A Vegan Lifestyle is About Choices
Another way of looking at it is this 10 ways to be vegan post: a vegan lifestyle is about choices. At some point in time, you’re going to have to make a decision about what percentage of veganism you can afford or be happy with.
For me, that 90 – 95% range works just fine. On a day-to-day basis, I don’t eat any meat, dairy, or eggs. I even read the labels on my garments and shoes and do my best to avoid the ones made with leather and angora.
But I stop there. I don’t call the manufacturer to find out if the glue that was used in the shoe I want to buy was made from animal products. And I don’t ask the server if the bun that comes with my veggie burger has egg in it.
I also won’t wear white after Labor Day. That’s just disgusting!
Oh wait. That’s not a vegan thing.
There have been times when family or friends go out of their way to make me a vegan dish. How nice is that! For example, my sister makes this delicious rice broccoli casserole for Thanksgiving each year. Then she started making a special batch for me and my vegan crew. I’m fairly certain the soy cheese she uses is the one that has trace amounts of dairy in it.
Can someone please tell me why a soy-based cheese would have dairy in it? I mean, aren’t most people who buy soy cheese wanting to avoid dairy?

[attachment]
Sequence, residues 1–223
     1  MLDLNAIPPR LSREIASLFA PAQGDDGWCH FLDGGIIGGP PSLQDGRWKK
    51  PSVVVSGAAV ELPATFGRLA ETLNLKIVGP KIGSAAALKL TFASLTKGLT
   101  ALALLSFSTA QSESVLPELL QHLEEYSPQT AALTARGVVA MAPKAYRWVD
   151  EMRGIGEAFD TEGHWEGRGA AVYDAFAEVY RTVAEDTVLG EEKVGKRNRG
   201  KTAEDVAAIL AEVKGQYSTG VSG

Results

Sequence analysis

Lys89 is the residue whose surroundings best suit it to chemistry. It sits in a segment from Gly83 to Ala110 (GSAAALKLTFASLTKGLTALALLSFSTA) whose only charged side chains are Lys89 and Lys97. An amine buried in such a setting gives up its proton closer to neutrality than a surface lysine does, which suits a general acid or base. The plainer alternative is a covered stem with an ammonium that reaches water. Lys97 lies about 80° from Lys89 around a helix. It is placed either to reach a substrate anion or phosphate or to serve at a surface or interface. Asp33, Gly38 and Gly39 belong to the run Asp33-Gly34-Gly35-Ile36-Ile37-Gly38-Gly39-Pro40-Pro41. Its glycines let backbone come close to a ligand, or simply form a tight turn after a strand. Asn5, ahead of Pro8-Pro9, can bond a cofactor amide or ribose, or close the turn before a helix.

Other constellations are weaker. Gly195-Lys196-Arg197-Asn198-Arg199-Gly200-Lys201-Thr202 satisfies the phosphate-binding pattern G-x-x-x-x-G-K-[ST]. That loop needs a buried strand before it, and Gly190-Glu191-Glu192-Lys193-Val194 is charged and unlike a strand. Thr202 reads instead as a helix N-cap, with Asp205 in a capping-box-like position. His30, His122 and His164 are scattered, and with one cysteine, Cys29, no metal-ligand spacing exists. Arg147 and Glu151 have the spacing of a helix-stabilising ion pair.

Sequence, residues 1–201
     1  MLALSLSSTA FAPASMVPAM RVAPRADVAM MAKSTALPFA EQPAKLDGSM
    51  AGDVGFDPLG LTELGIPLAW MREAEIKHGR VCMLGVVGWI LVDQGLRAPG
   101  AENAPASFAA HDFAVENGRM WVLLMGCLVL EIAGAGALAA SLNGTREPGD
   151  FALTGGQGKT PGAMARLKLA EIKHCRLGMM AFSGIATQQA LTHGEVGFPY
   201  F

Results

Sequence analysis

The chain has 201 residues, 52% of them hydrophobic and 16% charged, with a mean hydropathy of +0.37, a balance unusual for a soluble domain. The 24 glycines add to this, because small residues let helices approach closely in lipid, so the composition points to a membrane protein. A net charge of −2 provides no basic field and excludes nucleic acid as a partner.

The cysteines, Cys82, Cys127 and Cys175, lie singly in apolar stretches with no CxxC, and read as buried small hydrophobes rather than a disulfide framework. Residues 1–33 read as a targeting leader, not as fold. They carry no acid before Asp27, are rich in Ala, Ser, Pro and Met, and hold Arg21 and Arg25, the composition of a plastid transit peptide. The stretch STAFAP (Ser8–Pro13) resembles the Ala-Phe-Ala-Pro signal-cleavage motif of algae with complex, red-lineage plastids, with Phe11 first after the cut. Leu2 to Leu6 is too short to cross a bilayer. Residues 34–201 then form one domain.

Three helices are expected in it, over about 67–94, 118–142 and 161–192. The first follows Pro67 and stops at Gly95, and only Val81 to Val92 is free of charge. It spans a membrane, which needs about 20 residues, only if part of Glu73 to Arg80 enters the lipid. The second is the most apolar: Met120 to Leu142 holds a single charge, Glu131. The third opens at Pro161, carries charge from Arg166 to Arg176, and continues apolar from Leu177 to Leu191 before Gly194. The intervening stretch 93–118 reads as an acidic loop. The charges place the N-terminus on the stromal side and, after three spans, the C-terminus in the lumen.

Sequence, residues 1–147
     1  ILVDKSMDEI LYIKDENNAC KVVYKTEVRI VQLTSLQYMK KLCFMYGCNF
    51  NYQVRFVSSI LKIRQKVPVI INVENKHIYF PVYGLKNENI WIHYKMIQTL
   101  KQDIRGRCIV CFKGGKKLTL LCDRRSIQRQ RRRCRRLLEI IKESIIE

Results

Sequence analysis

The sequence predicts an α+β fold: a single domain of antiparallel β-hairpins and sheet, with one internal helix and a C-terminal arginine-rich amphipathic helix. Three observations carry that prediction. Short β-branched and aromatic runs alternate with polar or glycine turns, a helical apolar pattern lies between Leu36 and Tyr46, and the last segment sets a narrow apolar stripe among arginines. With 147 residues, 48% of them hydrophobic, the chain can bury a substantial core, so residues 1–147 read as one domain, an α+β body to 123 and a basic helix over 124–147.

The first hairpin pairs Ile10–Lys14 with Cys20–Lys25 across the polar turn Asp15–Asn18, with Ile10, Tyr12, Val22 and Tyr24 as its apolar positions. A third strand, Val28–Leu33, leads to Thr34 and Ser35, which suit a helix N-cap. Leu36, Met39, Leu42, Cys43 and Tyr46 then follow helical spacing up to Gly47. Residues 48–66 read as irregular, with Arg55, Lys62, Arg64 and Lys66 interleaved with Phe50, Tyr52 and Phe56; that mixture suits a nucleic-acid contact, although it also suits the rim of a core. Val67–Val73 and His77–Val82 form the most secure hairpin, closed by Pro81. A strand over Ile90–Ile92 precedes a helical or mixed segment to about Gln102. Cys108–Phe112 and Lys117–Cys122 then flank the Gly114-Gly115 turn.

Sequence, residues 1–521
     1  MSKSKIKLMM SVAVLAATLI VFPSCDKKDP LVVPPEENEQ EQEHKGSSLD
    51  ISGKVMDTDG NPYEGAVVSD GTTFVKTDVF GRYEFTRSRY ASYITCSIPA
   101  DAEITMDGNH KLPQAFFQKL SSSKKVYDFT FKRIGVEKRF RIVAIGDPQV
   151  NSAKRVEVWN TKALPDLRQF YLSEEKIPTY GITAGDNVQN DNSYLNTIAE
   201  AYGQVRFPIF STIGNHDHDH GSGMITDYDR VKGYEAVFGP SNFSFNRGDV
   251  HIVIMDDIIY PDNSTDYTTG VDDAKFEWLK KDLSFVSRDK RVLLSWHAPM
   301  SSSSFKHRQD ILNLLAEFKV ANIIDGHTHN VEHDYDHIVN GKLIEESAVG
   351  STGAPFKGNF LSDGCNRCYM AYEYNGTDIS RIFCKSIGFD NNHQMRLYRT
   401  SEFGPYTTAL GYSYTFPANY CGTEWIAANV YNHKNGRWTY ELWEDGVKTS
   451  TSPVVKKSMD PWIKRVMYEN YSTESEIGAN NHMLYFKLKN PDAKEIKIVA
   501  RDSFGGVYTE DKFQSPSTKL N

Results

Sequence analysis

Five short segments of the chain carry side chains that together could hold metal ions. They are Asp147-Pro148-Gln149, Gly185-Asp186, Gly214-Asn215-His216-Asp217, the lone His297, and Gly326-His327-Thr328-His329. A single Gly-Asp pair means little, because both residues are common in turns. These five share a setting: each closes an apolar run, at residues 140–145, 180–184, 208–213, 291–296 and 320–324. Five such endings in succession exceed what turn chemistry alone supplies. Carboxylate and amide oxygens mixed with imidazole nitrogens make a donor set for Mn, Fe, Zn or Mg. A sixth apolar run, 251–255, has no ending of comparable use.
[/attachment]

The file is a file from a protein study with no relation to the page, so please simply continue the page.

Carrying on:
Anyway, I refuse to make an issue out of it and eat it with the gusto and love it deserves. In my mind, any other reaction would be rude. Imagine someone going out of their way to make something special for the vegan in their life. Then imagine them receiving a lecture or patronizing comment about how the cheese they used was only 98% vegan. Really?
Besides, my sister can still beat me up. I don’t want to push her over the edge.
Oh the Guilt!
I know there are a lot of well-intentioned people who really want to make a vegan lifestyle work. The problem is when they feel a tremendous amount of guilt over not staying strictly vegan 24/7. I hope this list of 10 Ways to Be Vegan helps shed some light on some of the options available. Also, here’s something I say — don’t live your life in some box abiding by restrictive, arbitrary rules.
Do the best you can every day. That’ll do.
Some days are not so good, but other days are great and those are the ones to focus on and strive for. If giving up mozzarella feels like pulling out a fingernail, then just relax about it.
Everything is about balance. Overall, you know you’re making decisions that are so much better for your body, animals, and the environment. My mom loves it when I say this so here goes: It’s all good.
Either I’m brilliant or my mom is easily amused. Anyway, with time your taste buds will catch up with you and you won’t even crave mozzarella cheese anymore. Or maybe you will and you’ll choose to have some from time-to-time. Again…it’s all good. (I love making my mom smile).